While we all love spending time with our children, parents also need quiet time alone, whether for self-care or just to get things done. Yet young children are wired to crave regular social interaction. No wonder most parents find it hard to get their little ones to play independently when asked.
If you suddenly realize your child is being suspiciously quiet, it’s a good idea to check in and make sure they’re not giving themselves zebra stripes with Sharpie markers, painting their toenails on your carpet, or sneaking extra tablet time. Yet while it’s true that a sudden burst of quiet, independent play can be sparked by mischievous (often messy!) fun, it is possible for young kids to learn how to happily play alone in more constructive ways too.
Our readers on Facebook shared these excellent parent-tested tips to help young children spend more time in independent play:
Create a “yes” space
I have three kids and I’ve found the key to letting them play independently is to create a ‘yes’ area. Create a room or a floor where the children can roam and play without many restrictions. Having toys in different areas is helpful: some in the bedroom and different ones in the living room for example. I rotate toys as well, bringing out the old ones again as though they are new.”
Start by introducing a regular (screen-free) “quiet time”
I find daily quiet time is a great time for them to learn independent play. As my kids have transitioned out of naps, they have quiet time in their room. My 8- and 5-year-old still have quiet time most days and will play with Lego, read, draw, or do puzzles independently. It takes some time and consistency for them to get used to it. I made some quiet time boxes in the beginning for them to play with only during that time.”
Set up a timed activity challenge
Give them an idea, for example to build the town they live in, and ‘time’ them for 15 to 20 minutes. Create a den with secret passages (one that mummy or daddy can get through/in is always a challenge!) or create an obstacle course. Basically, give an idea and actually look at the end result, with positive feedback only.”
Give them permission to destroy something
I froze some toys into an ice block and had them demolish it. Best independent play so far.”
More expert tips to get kids to play alone
In an article for Working Mother magazine, author and parenting coach Faith Collins offers these helpful tips to encourage independent play:
- Offer fewer choices. Collins suggests taking away as many as 70 percent of the toys in view so that kids aren’t overwhelmed by choice, and to provide space to arrange the toys that remain in ways that invite play.
- Turn off screens and give kids a chore to do (then let them wander off and play when they get bored).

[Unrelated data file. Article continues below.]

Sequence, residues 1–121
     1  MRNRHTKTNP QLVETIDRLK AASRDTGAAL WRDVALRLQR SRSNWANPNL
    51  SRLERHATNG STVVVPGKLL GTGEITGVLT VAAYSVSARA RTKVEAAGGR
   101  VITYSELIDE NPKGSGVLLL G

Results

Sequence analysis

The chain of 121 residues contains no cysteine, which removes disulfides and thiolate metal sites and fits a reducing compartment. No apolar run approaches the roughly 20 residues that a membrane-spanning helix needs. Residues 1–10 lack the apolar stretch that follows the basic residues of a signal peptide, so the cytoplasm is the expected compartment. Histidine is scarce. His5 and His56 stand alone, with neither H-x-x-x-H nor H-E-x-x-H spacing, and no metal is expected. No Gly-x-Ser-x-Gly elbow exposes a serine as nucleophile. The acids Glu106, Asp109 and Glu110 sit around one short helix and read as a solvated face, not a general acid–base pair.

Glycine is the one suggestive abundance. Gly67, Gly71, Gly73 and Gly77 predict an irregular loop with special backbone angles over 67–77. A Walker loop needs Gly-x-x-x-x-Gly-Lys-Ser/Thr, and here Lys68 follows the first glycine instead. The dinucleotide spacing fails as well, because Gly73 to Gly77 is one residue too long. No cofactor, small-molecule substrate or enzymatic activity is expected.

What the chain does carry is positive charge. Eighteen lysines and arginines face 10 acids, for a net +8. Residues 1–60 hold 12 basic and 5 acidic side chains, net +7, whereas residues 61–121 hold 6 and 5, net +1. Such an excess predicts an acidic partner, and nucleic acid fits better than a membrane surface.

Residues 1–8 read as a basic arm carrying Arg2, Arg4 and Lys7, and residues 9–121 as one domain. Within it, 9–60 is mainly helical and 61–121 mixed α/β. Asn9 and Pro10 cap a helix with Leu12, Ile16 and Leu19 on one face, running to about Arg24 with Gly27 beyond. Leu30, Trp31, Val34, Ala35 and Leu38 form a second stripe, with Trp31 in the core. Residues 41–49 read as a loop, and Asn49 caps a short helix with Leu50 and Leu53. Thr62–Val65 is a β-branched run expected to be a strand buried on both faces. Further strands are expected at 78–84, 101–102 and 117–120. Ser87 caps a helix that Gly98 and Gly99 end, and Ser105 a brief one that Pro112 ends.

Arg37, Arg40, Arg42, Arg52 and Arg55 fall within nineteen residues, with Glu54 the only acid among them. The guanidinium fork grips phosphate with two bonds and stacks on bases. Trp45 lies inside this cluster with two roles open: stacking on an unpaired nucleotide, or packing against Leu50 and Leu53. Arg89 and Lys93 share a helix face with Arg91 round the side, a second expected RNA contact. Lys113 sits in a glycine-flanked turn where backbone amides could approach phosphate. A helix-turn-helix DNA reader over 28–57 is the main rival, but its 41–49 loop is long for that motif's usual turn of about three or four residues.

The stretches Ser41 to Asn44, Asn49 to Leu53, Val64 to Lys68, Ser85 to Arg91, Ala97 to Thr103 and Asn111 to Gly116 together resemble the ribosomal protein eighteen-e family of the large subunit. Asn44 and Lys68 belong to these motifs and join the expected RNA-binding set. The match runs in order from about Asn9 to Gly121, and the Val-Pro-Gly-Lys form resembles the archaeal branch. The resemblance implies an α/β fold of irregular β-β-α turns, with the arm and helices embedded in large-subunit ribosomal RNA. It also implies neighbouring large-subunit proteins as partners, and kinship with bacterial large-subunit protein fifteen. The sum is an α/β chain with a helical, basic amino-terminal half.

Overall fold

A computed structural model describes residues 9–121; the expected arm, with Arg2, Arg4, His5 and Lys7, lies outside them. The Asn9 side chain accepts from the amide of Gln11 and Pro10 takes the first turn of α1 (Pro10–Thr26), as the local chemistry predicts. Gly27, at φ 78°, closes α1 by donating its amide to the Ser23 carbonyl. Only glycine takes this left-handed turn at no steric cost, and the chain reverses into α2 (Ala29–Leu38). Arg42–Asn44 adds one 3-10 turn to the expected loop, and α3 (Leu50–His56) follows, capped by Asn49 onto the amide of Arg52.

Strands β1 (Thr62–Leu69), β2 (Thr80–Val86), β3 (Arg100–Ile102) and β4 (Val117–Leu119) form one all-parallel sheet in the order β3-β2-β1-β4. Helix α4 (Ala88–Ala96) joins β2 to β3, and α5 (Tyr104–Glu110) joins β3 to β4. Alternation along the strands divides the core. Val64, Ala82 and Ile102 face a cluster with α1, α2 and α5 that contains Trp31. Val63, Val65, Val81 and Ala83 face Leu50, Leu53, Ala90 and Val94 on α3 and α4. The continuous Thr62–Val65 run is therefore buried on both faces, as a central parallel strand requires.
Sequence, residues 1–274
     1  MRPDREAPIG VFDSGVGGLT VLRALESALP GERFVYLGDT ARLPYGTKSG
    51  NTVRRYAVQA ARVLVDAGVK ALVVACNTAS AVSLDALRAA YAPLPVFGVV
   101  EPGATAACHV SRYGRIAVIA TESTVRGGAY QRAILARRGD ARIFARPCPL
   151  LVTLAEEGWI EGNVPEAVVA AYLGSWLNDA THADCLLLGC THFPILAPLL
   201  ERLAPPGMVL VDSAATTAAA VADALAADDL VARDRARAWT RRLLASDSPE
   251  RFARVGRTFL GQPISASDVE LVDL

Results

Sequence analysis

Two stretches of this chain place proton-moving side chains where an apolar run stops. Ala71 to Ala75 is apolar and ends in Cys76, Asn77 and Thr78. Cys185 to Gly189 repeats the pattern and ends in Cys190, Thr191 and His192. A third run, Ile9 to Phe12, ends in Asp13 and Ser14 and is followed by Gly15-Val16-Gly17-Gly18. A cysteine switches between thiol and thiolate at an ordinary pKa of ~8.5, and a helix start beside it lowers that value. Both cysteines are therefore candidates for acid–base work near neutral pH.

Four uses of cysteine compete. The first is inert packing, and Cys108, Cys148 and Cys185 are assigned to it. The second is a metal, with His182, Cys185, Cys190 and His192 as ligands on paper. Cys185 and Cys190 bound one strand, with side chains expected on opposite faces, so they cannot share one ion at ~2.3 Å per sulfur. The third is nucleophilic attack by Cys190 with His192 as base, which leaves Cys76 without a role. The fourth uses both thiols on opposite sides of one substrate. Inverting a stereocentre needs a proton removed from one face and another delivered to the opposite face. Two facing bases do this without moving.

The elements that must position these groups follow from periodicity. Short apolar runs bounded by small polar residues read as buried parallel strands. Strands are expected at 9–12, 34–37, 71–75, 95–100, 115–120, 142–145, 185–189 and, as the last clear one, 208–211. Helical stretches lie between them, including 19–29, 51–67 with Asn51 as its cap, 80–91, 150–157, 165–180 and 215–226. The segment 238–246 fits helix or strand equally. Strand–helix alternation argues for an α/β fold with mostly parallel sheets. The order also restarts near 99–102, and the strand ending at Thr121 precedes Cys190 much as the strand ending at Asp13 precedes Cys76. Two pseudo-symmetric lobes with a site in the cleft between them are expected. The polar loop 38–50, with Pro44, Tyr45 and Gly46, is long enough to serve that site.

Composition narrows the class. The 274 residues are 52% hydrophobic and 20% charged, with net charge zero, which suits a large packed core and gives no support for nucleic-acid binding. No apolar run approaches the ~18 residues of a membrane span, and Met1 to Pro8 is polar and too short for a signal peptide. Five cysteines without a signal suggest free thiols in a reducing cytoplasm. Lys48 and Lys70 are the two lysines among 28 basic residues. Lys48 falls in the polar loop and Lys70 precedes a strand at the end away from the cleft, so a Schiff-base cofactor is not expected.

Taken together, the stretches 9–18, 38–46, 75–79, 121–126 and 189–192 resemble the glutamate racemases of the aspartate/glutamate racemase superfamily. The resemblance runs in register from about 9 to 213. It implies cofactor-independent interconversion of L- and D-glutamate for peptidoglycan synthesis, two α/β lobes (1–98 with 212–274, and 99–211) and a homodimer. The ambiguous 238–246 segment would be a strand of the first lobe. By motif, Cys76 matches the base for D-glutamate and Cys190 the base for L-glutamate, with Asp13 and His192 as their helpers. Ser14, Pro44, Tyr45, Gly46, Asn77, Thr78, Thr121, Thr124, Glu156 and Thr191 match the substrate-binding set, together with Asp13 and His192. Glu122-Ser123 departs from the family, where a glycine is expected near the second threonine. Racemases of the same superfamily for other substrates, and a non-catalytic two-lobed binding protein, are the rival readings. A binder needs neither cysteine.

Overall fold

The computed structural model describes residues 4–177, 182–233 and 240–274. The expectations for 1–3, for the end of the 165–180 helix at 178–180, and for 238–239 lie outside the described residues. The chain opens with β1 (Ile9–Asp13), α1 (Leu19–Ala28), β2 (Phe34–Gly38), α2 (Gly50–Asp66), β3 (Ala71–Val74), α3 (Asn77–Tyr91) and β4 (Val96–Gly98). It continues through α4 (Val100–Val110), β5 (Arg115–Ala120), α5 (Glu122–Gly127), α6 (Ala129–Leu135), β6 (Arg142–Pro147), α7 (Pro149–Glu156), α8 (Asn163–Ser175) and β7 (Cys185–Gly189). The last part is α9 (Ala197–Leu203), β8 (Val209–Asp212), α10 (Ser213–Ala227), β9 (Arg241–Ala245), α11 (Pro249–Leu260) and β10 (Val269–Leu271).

- If your kids don’t want to go outside to play, take your activities outside when you can so that they can play near you. Collins suggests bringing a basket of laundry to fold outside, or bringing a book or knitting project to do while kids play. When the weather allows, I sometimes take my laptop outside to work in the backyard while the kids play, or I’ll knit or play guitar outside when I need to do something for myself and can’t get time alone.
- When siblings fight or the kids get disruptive, take a short break from your task and eat a snack together, cuddle or tickle them, offer to read a short story—anything that provides a constructive way to connect with them and give them your attention.
- When you can, invite your kids to help with housework, or to play next to you while you work. Let the kids stay close if they feel they need to connect, and they will find their own fun when they are ready to be on their own again, Collins says.
“When we allow children to come in and out of our tasks, and we are willing to put them aside when children need us, they’re able to go for longer and longer periods before checking in, and they can play nicely on their own,” Collins writes.
One tip that I’ve found helpful is to make a special point of noticing when children are behaving well. It doesn’t take much: give extra smiles throughout the day, make positive comments like “I love to watch you run,” ask your child to show you the fort they made, or stop work for a few minutes to toss a sock ball around or watch them practice their cartwheels.
In an article on the University of Michigan’s health blog, psychologist Dr. Blake Lancaster explains why these simple gestures of positive reinforcement are so powerful:
Children crave the attention of their parents or caregivers. They prefer this attention to most anything. They like it more than any candy, toys, video games, videos and screens.
In the end, children want nothing more in this world than to bask in the light of their parents’ one-on-one attention. If we can fill their ‘attention tanks’ in response to good behavior, they’ll be less likely to seek attention by acting out.”
-Dr. Blake Lancaster